Fred Ludlow, the newlywed, who was introduced with his bride, told of his experiences in Canada where he won the Canadian championships last summer. He held up the title cup and Toastmaster Guthrie presented him as the international champion of 1921.

Peter Murphy of Long Beach said that he heard so much about Rich’s plans for a new building that it inspired him to do likewise, and he was about ready to build. He hoped the rest of the dealers would be able to put up their own establishments from the profits of their business

S.P. Hunsaker, of Pomona, probably the oldest Harley-Davidson dealer in the state, said he entered the business in 1905; not with the Harley-Davidson, of course, as it was not on the market then. Hunsaker made a mighty good speech. He affirmed that the old days of easy sales are gone for good and that, from now on, the dealer will have to fight for business.

The Budelier place, he declared, was a monument to its founder and to the motorcycle business. The future of the motorcycle is before it, he said. The days of economy are here and the automobile business is pretty close to its saturation point because too many owners cannot afford to keep up their cars. This means, he said, that many people in ordinary circumstances are going to take up the motorcycle because it will be the only vehicle they can afford.

Jim Davis said he was glad to be there and glad to be on the racing team because both the factory and the dealers left nothing undone to help the boys win.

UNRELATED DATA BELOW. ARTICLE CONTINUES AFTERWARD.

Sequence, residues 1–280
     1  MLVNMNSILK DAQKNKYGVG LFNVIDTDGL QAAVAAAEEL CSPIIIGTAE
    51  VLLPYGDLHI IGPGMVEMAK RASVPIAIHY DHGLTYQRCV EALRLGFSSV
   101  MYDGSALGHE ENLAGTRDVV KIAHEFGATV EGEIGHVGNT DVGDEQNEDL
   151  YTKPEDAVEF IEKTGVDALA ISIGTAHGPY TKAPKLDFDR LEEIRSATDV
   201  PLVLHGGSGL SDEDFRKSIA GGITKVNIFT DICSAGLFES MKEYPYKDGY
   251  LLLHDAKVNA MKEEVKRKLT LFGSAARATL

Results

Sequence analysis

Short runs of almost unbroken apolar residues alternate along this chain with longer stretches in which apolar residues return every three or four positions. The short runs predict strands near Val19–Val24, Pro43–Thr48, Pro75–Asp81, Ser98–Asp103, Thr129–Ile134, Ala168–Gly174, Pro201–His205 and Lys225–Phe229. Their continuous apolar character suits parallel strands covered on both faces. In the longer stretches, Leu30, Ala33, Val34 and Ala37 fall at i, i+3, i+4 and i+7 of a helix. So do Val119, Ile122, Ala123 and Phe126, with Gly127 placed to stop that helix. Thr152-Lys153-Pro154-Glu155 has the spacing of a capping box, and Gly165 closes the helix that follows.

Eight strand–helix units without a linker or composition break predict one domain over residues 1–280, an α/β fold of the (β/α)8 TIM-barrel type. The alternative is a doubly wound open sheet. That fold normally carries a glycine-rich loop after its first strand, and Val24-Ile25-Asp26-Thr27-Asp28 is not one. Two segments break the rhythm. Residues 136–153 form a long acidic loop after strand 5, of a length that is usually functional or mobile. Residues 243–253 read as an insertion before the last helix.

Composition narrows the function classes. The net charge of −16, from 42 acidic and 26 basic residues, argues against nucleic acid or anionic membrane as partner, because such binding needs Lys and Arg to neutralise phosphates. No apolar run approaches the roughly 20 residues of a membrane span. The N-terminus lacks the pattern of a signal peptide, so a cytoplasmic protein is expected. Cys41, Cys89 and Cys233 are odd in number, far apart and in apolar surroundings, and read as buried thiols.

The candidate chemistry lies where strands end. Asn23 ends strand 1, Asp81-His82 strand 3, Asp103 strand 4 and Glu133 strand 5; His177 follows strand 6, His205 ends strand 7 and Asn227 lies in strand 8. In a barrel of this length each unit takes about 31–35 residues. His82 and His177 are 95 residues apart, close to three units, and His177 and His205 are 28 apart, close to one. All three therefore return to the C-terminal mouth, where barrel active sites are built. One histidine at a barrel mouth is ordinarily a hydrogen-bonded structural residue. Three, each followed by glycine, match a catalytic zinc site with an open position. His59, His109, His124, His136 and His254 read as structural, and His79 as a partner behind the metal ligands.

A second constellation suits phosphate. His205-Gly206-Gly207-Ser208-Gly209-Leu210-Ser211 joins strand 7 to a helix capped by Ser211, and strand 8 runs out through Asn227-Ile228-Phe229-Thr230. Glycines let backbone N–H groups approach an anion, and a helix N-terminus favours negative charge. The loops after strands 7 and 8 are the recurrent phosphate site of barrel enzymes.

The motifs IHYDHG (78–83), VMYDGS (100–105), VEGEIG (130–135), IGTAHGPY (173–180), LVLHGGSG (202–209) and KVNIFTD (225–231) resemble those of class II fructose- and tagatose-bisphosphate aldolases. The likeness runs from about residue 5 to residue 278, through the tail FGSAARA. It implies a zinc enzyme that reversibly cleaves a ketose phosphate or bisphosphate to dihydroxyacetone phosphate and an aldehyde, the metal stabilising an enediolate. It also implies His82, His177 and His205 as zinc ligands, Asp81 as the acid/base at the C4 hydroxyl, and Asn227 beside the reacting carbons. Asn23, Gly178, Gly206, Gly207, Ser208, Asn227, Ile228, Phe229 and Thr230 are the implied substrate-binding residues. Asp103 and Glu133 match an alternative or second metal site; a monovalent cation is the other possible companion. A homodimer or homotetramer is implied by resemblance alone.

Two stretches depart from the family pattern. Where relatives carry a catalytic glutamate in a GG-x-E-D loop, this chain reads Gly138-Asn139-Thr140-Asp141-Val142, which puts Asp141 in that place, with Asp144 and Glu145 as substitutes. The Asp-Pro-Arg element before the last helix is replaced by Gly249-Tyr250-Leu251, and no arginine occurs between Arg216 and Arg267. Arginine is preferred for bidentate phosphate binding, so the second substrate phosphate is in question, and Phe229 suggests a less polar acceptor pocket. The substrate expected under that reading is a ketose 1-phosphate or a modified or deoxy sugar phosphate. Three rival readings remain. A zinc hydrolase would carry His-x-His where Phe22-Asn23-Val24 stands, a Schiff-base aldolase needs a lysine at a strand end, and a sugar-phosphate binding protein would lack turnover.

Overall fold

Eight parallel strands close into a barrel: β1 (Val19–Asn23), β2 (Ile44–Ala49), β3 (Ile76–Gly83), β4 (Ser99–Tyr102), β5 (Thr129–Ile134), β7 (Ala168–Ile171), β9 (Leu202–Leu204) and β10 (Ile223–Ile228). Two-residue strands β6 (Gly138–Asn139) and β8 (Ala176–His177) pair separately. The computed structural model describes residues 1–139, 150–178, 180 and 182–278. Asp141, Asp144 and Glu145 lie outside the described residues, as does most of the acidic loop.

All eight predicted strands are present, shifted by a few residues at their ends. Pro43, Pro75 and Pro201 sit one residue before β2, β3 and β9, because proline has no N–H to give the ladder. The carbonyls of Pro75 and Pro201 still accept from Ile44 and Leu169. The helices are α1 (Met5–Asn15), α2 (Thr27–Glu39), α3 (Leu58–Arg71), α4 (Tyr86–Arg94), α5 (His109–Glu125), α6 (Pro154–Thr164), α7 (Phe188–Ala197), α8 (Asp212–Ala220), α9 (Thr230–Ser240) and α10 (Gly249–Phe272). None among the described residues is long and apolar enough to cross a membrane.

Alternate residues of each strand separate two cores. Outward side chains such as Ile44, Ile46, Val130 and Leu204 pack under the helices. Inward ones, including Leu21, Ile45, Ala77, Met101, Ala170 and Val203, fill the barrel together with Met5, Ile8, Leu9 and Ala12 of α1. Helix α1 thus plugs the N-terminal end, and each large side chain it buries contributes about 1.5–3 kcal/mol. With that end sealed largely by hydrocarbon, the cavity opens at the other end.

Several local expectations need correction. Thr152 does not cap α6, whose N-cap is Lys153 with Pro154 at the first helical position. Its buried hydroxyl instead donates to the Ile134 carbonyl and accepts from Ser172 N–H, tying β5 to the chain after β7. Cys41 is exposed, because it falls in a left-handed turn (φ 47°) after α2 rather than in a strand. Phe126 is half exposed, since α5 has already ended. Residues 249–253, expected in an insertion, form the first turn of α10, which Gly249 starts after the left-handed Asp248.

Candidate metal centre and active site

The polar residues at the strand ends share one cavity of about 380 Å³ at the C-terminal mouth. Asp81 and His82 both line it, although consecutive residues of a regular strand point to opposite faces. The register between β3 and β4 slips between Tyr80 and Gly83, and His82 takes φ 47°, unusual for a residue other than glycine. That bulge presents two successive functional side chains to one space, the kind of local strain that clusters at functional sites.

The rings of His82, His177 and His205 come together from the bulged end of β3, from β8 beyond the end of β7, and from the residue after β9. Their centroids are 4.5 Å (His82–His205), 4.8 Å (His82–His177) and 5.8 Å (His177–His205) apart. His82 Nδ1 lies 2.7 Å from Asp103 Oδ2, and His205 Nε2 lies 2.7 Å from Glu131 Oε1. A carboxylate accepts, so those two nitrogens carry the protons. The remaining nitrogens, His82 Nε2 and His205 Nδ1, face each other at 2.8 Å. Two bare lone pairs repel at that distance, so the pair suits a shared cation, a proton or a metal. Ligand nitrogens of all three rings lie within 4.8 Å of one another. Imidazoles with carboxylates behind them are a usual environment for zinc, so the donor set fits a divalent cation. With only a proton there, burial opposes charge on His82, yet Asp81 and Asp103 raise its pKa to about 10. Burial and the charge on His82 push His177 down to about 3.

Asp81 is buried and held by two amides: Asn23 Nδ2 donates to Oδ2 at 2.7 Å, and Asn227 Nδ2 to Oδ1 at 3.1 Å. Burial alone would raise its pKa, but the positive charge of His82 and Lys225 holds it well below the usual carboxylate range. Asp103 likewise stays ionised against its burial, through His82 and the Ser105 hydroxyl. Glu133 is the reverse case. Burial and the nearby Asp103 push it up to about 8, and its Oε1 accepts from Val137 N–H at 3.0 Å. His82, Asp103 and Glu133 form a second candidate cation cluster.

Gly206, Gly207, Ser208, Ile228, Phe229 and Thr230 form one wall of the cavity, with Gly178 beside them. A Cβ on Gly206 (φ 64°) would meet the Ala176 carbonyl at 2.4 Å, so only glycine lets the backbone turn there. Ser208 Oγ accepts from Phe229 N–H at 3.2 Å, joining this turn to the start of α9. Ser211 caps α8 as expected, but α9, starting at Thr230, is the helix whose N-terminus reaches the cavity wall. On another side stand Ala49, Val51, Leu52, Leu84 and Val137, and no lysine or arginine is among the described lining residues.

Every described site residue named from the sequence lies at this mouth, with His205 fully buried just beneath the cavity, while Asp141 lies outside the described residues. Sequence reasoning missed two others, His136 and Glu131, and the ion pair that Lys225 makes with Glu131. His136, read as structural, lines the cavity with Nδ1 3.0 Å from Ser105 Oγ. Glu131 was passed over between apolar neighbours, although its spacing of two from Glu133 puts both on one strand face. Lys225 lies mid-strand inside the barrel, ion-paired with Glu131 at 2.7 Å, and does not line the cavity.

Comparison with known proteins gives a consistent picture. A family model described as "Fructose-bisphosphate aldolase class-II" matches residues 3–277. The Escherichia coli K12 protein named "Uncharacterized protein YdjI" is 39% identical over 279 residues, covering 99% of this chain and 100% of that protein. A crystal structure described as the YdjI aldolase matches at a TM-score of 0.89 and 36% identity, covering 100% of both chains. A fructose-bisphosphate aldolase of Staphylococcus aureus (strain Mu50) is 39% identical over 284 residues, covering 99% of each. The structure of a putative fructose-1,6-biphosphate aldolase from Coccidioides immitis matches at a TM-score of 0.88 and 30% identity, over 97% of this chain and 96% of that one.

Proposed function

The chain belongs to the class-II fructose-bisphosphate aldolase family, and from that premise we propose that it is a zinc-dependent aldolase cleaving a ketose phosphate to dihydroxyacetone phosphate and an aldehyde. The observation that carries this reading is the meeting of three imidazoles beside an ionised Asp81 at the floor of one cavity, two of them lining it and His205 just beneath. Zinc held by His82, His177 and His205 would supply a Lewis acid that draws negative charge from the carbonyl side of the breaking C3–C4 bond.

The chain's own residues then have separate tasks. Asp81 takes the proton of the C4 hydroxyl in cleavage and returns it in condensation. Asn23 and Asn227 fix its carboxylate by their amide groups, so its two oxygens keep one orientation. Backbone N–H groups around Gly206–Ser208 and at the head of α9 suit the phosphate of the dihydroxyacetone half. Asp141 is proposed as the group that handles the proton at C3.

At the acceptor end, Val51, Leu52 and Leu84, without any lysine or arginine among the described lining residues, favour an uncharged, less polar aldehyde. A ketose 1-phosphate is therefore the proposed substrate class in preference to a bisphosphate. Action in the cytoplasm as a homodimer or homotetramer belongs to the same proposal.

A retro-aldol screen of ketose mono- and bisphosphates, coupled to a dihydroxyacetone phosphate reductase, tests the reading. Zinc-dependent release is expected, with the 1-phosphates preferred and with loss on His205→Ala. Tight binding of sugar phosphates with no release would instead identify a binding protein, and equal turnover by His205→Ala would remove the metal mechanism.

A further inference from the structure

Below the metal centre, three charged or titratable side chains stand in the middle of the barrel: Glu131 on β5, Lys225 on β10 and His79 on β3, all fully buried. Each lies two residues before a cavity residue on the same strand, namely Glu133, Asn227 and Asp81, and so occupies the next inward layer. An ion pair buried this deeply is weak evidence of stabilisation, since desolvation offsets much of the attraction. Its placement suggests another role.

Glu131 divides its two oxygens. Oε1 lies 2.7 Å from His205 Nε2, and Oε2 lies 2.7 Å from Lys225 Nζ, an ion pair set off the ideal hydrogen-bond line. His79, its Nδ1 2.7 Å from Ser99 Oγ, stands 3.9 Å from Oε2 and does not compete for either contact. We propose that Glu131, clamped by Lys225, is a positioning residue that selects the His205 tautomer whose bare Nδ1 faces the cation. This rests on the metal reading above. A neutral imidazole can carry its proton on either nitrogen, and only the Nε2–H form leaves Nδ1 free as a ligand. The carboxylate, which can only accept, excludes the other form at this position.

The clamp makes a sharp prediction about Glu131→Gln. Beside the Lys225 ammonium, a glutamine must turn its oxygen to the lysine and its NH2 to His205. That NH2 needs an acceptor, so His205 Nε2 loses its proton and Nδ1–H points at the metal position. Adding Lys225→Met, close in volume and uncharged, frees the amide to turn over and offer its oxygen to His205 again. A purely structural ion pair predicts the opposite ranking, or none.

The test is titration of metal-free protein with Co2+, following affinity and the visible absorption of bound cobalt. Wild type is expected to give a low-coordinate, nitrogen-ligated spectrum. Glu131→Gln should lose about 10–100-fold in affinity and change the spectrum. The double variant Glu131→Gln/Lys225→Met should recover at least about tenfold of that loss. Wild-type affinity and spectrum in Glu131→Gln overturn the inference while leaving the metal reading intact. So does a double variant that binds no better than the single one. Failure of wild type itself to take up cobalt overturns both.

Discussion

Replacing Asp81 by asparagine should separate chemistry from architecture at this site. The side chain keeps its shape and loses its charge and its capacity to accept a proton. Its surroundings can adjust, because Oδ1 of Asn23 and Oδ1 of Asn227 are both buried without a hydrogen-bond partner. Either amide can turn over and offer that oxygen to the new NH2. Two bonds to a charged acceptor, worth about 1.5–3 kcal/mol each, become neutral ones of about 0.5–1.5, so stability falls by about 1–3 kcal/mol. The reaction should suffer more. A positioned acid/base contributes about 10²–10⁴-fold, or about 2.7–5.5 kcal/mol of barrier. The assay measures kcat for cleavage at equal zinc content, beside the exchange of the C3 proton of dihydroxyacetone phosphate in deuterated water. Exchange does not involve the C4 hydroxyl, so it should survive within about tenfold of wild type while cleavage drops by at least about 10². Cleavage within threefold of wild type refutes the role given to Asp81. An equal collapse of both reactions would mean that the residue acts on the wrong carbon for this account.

The spirit of loyalty of the Harley-Davidson organization was Otto Walker’s topic. Otto got this spirit when he first went to Milwaukee in 1915, after winning the Venice road race. There he discovered that the Harley-Davidson executives had instilled in their employees, an esprit de corps whereby they worked with them instead of for them. That loyalty, he said, was responsible for Harley-Davidson success and for his never wanting to change.

Good old Frank Rodger, formerly in charge or the factory export department and, Washington representative during the war, told of his first trip to California in 1915 and his instant realization of the wonderful opportunities for the dealer. These are greater than ever, today, he said. Co-operation, he declared, was the secret of the company’s success and is just as essential today for the dealer.

One or the interesting facts brought out was the strong sentiment expressed by several of the dealers, in favor of a continuance of racing and their belief in its value as a sales stimulant.

Verne Guthrie delivered an excellent talk on dealer co-operation, the value of friendliness toward competitors and the necessity for ever aiding in any cause for the general good of the business. “The more boosters the business has, the more business we will have,” he concluded.

The host, Rich Budelier, closed the speaking with a magnetic talk on the secrets of his success and the policies that have carried him forward from a raw beginner to the leading agency in California. He outlined his ideas on cooperation and urged the dealers to team with each other for their mutual benefit.